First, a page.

Her picture sits on my desk in my classroom. If not for her, I would never have become a teacher. Or, I would have racked up so much debt in grad school, it wouldn’t be worth it. Either way, I keep her in plain sight at all times when I’m on the job.
She was known for her keep fashion sense. To an outsider, she may have looked like a typical balabusta walking down the streets of Borough Park. But to those who knew her, she was so much more.
First, there was her hat collection. Oh, her hats. The more colorful, the better. It’s an old stereotype of Hungarians, they like things that are colorful. But even by Hungarian standards, her fashion sense was ostentatious. My mother tells me it embarrassed the dickens out of her late husband, my Zeide. He was a quiet, simple man. He typically wore the same white shirt, black pants, red suspenders, big black yarmulke, and white tzitzit every day. There was not a lot of variety in the way he dressed. Every year, his yeshiva had a weekend getaway for alumni. Zeide would go. He would beg Savta to please wear a tichel, like most of his cohorts’ wives. She would never sully her head with such an ugly hair wrap. But he would beg and beg and beg. Savta would give in (or pretend to). She would then go to the store, buy herself a new hat, and make sure it was as flashy as she could muster. Sequins. Rhinestones. Feathers. Oh yeah, she would get creative. And poor Zeide always looked so embarrassed.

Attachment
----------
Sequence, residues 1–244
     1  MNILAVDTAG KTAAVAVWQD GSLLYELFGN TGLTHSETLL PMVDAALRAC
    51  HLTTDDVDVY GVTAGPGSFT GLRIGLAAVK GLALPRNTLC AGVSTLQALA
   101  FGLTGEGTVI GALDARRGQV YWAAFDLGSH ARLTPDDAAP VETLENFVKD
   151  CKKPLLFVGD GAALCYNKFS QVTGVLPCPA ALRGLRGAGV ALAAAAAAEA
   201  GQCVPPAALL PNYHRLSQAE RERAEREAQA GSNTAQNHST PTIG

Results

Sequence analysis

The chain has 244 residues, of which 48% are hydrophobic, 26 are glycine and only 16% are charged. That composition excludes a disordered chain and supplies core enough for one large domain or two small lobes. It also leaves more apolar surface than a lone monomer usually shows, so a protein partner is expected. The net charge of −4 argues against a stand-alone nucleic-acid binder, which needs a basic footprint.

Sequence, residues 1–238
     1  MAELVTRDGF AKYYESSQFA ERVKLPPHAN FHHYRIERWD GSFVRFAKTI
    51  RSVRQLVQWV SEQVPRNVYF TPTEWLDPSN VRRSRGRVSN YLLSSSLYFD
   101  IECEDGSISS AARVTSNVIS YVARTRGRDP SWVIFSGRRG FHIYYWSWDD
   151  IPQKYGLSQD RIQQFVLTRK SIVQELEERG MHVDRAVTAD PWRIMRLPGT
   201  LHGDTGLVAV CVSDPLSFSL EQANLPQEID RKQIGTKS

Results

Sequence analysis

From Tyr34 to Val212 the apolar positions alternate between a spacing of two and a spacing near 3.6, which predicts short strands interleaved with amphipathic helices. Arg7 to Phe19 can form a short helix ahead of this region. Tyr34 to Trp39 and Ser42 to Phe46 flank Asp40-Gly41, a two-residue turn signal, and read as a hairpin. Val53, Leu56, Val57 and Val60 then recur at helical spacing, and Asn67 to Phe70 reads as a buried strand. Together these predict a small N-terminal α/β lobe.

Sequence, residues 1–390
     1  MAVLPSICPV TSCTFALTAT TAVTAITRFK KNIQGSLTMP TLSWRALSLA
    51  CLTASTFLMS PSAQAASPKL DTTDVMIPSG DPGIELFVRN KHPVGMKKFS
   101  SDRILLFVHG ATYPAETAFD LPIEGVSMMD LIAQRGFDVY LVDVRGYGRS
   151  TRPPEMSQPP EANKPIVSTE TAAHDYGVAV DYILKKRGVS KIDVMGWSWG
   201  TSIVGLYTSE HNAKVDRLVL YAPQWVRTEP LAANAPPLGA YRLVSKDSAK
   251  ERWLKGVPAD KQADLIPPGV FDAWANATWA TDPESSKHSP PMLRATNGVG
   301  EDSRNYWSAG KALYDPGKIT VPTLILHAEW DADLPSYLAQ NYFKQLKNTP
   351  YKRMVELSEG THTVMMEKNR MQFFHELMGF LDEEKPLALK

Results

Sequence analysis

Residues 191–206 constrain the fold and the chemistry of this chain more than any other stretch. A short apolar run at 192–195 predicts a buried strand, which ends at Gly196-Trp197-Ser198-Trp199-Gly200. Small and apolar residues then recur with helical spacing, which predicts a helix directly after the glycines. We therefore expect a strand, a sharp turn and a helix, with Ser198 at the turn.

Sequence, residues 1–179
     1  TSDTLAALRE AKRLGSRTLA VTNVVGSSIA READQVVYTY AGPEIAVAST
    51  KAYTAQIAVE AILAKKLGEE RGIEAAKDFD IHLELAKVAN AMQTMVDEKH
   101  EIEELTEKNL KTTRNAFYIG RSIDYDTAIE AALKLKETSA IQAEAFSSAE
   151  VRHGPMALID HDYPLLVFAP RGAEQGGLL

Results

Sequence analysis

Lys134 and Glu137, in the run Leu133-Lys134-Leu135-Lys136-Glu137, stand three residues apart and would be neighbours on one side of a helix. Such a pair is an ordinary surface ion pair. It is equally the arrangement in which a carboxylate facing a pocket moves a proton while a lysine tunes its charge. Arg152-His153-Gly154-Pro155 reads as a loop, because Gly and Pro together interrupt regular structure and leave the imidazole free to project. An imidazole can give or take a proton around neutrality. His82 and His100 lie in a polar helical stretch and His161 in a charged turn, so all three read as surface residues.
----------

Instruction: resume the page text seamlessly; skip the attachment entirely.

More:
She never acted her age. When I was a child, if I ever asked Savta how old she was, she would say “100.” She nearly lived to 100. But she did not look or act 100. And she didn’t want anyone to think that she was almost 100. She would not take a cane or a walker. She had one of those foldable shopping carts; that was her walker. To an outsider, she would look like she was just going shopping. She would not get a home help aide. Whenever the social workers at the hospital asked how she can live alone at her age, she would get very sassy with them. No matter how much they told her that she should not be doing all her housework by herself, she still didn’t care. She hated the way home help aides did housework. As far as she was concerned, all they were good for was passing her a towel when she was in the shower. And with a wave of her hand, she harshly said “I can get my own towel, thank you very much.”